Rondo thrives under pressure of Game 5


Rondo thrives under pressure of Game 5

PHILADELPHIA Typically the best players for each respective team make their way to the podium following playoff games.

For the Celtics, that was Brandon Bass after the team's Game 5 win on Monday night. But as well as Bass played, he should not have been up there by himself.

And as you listened to him extol on all that went right for him in an absolute, we-had-to-have-this-one kind of game for the C's, one name kept coming up: Rajon Rondo.

Rondo can maddening at times, for fans, his coaches and his teammates.

But in those we-gotta-have-it kind of games, there are few in the NBA who consistently step their game up like he does.

And Rondo, not one to disappoint, did just that in Game 5 with a stealth-like dominance as he finished with 13 points and 14 assists with just three turnovers.

"When they broke the game open (in the third quarter), he was the catalyst for the whole attack," said Sixers coach Doug Collins.

In the third, the Celtics were trailing 57-53 when Kevin Garnett was whistled for an offensive foul.

From there, it was all Boston as the C's went on to close out the quarter with a 22-9 run and take firm control of the game, and with it, this series.

During the run, Boston made nine field goals with Rondo dropping dimes on all but two of them.

And in the fourth quarter, with the Sixers even more fearful of Rondo's passing attack, he changed his game up just a bit and become more assertive as a scorer by tallying seven points in the quarter.

No matter how you want to look at it, Rondo's imprint has been all over this series - and so far, there's nothing the Sixers have been able to do about it.

"It starts with Rondo," said Sixers forward Elton Brand. "You have to stop Rondo."

Easier said than done, especially when he's in that zone where he's finding that perfect balance between doing what he does best - getting the ball to his teammates - and managing to get some points of his own without turning the ball over too often.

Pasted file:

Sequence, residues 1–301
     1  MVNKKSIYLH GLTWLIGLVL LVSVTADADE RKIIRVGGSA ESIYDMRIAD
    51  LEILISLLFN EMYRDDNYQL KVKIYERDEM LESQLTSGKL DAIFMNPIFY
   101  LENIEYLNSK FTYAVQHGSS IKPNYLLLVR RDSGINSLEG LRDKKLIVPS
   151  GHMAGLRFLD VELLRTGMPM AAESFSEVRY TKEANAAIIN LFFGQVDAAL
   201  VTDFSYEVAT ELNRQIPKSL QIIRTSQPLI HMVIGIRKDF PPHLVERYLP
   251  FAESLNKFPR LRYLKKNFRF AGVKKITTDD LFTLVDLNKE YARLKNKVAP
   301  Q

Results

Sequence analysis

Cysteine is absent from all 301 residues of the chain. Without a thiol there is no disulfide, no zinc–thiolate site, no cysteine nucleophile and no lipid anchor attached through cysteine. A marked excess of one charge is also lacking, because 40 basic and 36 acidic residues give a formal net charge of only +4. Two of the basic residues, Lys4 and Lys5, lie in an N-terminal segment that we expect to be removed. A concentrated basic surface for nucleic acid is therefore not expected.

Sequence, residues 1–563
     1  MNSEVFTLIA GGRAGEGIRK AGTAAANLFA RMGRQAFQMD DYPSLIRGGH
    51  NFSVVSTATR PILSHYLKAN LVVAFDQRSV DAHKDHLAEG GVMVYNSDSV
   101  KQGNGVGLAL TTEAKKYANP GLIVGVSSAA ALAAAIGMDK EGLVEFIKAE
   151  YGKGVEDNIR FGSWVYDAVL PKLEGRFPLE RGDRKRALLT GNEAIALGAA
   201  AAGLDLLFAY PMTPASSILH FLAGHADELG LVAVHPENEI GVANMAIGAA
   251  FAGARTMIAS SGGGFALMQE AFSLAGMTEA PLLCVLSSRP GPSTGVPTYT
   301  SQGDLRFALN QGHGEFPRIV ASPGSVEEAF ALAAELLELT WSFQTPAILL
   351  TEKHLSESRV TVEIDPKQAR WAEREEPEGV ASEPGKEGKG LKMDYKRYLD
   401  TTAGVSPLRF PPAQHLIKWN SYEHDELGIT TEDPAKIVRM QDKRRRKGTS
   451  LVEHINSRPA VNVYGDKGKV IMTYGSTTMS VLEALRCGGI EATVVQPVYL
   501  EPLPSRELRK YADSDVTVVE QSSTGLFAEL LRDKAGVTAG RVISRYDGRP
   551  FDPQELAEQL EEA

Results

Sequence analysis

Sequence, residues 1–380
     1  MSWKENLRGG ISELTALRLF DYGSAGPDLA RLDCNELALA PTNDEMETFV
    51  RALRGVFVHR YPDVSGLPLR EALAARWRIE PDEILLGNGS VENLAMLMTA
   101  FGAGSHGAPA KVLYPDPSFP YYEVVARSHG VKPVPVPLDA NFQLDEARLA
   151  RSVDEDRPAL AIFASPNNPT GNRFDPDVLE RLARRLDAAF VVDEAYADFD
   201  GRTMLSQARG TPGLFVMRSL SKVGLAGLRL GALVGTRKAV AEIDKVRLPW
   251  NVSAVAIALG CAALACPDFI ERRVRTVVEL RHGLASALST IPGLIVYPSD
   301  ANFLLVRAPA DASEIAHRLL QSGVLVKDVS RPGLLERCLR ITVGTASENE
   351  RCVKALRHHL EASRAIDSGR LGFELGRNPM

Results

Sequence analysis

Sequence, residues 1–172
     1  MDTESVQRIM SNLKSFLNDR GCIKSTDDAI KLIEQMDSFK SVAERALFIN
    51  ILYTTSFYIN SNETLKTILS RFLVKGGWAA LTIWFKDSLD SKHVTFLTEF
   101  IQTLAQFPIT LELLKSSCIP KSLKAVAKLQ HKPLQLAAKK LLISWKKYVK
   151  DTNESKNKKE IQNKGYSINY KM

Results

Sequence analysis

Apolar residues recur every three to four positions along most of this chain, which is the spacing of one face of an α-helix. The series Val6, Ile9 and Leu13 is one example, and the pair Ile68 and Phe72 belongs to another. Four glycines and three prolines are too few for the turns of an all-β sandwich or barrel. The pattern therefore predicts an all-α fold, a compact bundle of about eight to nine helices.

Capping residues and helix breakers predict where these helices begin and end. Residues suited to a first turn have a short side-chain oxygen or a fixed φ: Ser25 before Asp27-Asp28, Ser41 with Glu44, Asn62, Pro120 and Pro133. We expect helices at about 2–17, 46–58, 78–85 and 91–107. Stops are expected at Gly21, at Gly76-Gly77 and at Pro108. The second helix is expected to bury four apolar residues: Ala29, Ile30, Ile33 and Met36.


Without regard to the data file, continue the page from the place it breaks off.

"He's being aggressive, scoring lay-ups, getting into the paint," Brand added. "It leaves Kevin Garnett open for a jumper, it leaves Brandon Bass open for a jumper or a drive."

And that makes the Celtics an extremely difficult team to beat, home or on the road.

To see Rondo thrive this time of year is nothing unusual.

But as many triple-doubles as he has compiled in the postseason, as many dominant performances that he has delivered, C's coach Doc Rivers thought his play in the second half of Monday's Game 5 win was right up there with some of his best moments with the Celtics.

"The second half was one of the best games he's had this year for us," Rivers said. "I thought it was more than just the basketball part of it. I thought his will, his leadership, we needed it. And he gave it to us."

It was one of those rare nights where Rondo's words seemed just as powerful as his play, as he directed players repeatedly to get to certain spots on the floor. It was the vocal leadership that at times, Rondo has shied away from doing as much as he probably should.

"I can hear him barking at guys, demanding guys get into spots," Rivers said. "And that's not something he loves doing."

But he loves to win, and has shown time and time again the willingness to do whatever is necessary to make that happen.

Said Rivers: "Like I said, we needed somebody to lead us. And I thought he did a great job with it."

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